Having carefully considered the motion, supporting documents, and briefs, we observe the following:

         II. Law and Analysis

         A. Summary Judgment Standard

         A court "shall grant summary judgment if the movant shows there is no genuine dispute as to any material fact and the movant is entitled to judgment as a matter of law." Fed.R.Civ.P. 56(a). If the non-movant bears the burden of proof at trial, the movant need not disprove every element of the non-movant's case; rather, the movant can satisfy his burden by pointing to the absence of evidence to support the non-movant's case. Little v. Liquid Air Corp.. 37 F.3d 1069, 1075 (5th Cir. 1994). Further, we consider "all evidence in the light most favorable to the party resisting the motion." Seacor Holdings, Inc. v. Commonwealth Ins. Co., 635 F.3d 675, 680 (5th Cir. 2011) (internal quotations omitted). In this analysis, we review facts and draw all inferences most favorable to the nonmovant, "[h]owever, mere conclusory allegations are not competent summary judgment evidence, and such allegations are insufficient, therefore, to defeat a motion for summary judgment." Eason v. Thaler. 73 F.3d 1322, 1325 (5th Cir. 1996). It is important to note that the standard for a summary judgment is two-fold: (1) there is no genuine dispute as to any material fact, and (2) the movant is entitled to judgment as a matter of law.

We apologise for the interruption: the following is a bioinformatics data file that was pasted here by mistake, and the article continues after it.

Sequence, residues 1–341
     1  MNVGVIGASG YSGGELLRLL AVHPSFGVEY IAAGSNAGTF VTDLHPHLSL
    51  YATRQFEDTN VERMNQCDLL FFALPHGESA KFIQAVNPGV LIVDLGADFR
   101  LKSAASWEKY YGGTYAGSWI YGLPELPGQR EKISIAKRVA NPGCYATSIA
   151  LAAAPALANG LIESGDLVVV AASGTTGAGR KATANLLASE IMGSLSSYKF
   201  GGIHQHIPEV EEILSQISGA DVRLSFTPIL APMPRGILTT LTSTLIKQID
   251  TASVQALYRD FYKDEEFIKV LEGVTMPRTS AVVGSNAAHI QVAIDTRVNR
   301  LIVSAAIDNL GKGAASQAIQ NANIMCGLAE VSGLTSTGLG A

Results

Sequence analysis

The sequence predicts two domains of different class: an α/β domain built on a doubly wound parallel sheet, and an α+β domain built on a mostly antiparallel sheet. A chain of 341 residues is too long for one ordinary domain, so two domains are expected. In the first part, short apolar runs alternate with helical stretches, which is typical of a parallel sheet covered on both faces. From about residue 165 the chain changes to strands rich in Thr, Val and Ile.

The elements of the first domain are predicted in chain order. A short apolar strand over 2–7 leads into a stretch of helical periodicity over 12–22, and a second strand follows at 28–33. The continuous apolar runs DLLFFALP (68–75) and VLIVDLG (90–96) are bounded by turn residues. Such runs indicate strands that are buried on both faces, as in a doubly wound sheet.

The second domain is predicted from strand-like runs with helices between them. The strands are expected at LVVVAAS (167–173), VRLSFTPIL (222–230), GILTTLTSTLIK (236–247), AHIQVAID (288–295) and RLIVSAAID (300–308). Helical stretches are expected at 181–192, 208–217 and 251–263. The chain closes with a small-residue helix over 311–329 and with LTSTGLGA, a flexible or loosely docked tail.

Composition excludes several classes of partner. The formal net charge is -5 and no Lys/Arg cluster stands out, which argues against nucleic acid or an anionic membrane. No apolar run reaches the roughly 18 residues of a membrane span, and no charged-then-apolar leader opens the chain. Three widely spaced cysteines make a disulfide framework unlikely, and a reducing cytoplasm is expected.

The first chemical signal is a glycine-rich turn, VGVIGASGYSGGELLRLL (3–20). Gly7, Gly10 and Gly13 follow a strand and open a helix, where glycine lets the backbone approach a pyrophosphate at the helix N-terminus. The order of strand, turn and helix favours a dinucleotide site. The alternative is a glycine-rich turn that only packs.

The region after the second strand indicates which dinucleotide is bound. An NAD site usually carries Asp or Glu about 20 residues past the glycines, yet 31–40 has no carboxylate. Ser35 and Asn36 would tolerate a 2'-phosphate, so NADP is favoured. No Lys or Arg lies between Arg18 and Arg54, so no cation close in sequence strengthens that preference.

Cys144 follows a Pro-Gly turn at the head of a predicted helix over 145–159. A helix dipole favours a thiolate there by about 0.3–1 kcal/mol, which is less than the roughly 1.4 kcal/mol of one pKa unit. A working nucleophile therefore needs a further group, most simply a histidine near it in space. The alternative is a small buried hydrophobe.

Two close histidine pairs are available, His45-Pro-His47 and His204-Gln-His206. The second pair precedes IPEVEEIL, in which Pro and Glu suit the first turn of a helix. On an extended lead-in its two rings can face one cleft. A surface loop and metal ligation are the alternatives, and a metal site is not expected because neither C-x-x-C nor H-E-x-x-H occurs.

In this instance, Defendants fail to show the lack of a genuine dispute as to any material fact. There are three contracts presented (the Act of Cash Sale (Doc. 22-3), the Purchase Agreement (Doc. 22-4), an addendum to the Purchase Agreement dated December 8, 2014 (Doc. 26-2, p. 6)) and the provisions of each are ambiguous. Defendants argue that the Act of Cash Sale (Doc. 22-3), is the primary contract between the parties and reflects the unambiguous agreement. (Doc. 22, p. 2). However, Harbor M argues that the original Purchase Agreement (Doc. 22-4) and the December 8, 2014 addendum accurately reflect the parties' intent. This addendum dated December 8, 2014 and signed only by Harbor Metal's representative is posited as evidence that the paper machine was excluded from the sale to MB Dock for at least one year. (Doc. 26-2, p. 6-7). As we observed, during that one year, Harbor M would retain the rights to sell the paper machine and divide the profits between Harbor M and MB Dock. This disagreement regarding which contract and terms apply to the sale of the paper machine creates a genuine dispute as to material fact. It is unclear which document reflects the parties' actual intentions at the time of sale. Although resolution of the issue will be difficult considering the problem of the likelihood of parol evidence, the issue will require a trial. As such, Defendants are not entitled to summary judgment as a matter of law.

         B. ...